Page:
Aromar Revi: Aromar Revi is the Director of the Indian Institute for Human Settlements (IIHS) – India’s first prospective National University for Research and Innovation to address challenges of urbanisation through an integrated programme of education, research, consulting and advisory services. He has been a senior advisor to various ministries of the Government of India, consulted with a wide range of UN, multilateral, bilateral development and private sector institutions and works on economic, environmental and social change at global, regional and urban scales. He is also one of South Asia’s leading disaster mitigation and management experts and has led emergency teams to assess, plan and execute recovery and rehabilitation programmes for ten major earthquake, cyclone, surge and flood events affecting over five million people. Aromar is considered a leading expert on Global Environmental Change especially on Climate Change adaptation and mitigation. He is one of the Coordinating Lead Authors for the Urban Areas section of the IPCC 5th Assessment report (2014). He also serves as a member of the Global Advisory Board for the Global Assessment of Risk report (2011).  arevi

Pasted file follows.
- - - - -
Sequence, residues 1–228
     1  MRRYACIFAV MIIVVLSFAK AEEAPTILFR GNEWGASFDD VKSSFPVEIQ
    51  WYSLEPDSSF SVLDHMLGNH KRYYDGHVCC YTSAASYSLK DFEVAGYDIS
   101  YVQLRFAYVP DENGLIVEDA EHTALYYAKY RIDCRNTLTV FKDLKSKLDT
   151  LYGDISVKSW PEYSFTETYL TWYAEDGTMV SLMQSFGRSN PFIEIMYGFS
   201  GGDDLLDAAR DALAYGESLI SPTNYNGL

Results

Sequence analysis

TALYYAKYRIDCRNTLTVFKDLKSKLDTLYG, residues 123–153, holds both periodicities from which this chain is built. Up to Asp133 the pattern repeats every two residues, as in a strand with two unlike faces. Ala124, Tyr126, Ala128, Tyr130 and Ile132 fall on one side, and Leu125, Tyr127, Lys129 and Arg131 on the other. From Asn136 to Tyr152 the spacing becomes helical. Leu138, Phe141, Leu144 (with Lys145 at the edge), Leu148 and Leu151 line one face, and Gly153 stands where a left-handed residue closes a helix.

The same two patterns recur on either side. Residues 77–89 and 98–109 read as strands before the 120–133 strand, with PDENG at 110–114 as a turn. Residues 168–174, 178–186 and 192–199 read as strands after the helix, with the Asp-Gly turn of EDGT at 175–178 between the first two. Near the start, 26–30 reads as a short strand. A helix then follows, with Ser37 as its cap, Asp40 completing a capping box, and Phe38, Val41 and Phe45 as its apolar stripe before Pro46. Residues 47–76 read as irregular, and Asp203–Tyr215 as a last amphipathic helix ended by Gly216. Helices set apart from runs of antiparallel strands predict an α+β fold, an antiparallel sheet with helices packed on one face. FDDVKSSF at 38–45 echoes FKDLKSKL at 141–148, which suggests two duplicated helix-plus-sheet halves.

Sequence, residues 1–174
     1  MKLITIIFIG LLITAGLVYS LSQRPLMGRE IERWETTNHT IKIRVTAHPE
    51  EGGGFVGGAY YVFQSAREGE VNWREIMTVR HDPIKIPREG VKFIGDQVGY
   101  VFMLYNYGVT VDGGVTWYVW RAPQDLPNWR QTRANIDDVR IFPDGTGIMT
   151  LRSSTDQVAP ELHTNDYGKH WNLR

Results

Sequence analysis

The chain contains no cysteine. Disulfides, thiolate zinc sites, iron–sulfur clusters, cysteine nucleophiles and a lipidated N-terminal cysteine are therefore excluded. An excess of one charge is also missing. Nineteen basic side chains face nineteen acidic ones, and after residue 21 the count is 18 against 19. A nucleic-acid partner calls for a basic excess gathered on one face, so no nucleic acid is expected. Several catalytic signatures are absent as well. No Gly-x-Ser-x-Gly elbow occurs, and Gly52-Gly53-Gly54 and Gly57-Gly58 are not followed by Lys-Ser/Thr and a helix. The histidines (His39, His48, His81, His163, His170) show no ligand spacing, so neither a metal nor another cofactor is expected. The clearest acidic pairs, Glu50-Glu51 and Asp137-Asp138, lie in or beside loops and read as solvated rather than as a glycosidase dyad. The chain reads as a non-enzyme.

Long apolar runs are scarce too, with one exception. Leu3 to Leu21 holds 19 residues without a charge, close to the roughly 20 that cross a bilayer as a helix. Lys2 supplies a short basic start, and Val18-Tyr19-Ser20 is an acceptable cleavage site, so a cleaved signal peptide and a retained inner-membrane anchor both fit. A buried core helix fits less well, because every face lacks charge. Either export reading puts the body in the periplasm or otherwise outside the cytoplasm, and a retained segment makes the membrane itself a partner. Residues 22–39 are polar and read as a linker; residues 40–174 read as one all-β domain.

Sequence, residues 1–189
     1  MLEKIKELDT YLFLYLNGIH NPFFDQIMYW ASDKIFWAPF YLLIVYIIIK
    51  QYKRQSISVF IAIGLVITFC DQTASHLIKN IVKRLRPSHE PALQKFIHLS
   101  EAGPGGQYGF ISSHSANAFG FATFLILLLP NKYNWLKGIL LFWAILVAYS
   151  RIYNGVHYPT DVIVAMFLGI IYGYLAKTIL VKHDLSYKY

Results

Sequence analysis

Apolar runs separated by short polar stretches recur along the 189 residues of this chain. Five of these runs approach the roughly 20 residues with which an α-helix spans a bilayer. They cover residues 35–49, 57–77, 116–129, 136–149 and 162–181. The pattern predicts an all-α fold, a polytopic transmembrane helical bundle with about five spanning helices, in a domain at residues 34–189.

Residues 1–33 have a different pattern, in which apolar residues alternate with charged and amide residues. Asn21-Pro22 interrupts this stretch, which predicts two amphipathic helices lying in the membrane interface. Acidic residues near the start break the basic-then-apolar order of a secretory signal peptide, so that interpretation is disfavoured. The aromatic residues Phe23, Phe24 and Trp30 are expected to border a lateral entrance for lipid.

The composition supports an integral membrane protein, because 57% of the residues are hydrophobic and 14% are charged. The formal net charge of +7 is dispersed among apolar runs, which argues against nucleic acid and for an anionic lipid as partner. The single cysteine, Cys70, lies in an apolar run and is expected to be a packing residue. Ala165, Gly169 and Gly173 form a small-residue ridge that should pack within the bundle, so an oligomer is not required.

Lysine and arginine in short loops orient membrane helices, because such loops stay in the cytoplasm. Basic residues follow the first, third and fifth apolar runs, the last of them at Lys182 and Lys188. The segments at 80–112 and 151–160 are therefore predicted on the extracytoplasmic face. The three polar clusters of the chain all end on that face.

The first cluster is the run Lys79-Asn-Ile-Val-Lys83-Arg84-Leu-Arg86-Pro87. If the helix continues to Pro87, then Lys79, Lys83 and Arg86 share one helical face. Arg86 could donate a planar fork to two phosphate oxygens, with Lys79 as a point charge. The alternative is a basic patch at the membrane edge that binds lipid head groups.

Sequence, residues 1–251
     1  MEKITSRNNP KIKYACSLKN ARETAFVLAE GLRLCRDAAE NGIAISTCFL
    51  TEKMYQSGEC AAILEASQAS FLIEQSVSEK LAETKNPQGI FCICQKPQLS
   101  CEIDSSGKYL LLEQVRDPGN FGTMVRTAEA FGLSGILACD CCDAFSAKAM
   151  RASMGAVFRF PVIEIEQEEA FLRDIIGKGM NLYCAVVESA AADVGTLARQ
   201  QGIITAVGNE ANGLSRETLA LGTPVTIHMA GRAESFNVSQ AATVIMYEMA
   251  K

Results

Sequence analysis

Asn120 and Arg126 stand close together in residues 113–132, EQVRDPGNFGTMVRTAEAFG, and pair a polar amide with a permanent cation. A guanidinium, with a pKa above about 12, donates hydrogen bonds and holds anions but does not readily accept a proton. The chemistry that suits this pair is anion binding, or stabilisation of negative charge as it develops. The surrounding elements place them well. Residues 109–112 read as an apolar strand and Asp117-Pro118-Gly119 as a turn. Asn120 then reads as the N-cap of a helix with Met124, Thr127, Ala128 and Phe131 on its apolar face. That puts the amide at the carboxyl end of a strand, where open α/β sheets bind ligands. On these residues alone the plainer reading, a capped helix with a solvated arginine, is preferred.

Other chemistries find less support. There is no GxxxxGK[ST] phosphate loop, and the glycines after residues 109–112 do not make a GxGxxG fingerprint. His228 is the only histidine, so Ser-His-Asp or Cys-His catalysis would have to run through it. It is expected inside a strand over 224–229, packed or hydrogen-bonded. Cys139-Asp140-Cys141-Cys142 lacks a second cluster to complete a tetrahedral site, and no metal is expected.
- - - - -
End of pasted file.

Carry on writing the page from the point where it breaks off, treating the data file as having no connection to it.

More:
Caren Levy: Caren Levy is the director, of the Development Planning Unit at the University College of London. She is an urban development planner working on planning, community-led development and governance, with a focus on housing, infrastructure and transport in urban areas in the global South. She has a special interest in the institutionalization of social justice in policy and planning, particularly related to the cross-cutting issues of gender, diversity and environment. In these fields, she has 25 years experience of teaching, research, training and consultancy in mainstreaming social justice in organizational development, and exploring innovatory approaches to planning methodology, planning education and capacity building. She works both in London and abroad with communities, governments and international organizations, including UN Habitat, ILO, EU, DFID, SDC, SIDA. Country experience includes Egypt, Namibia, India, South Africa, Sri Lanka, Chile, Colombia and Brazil.  carenlevy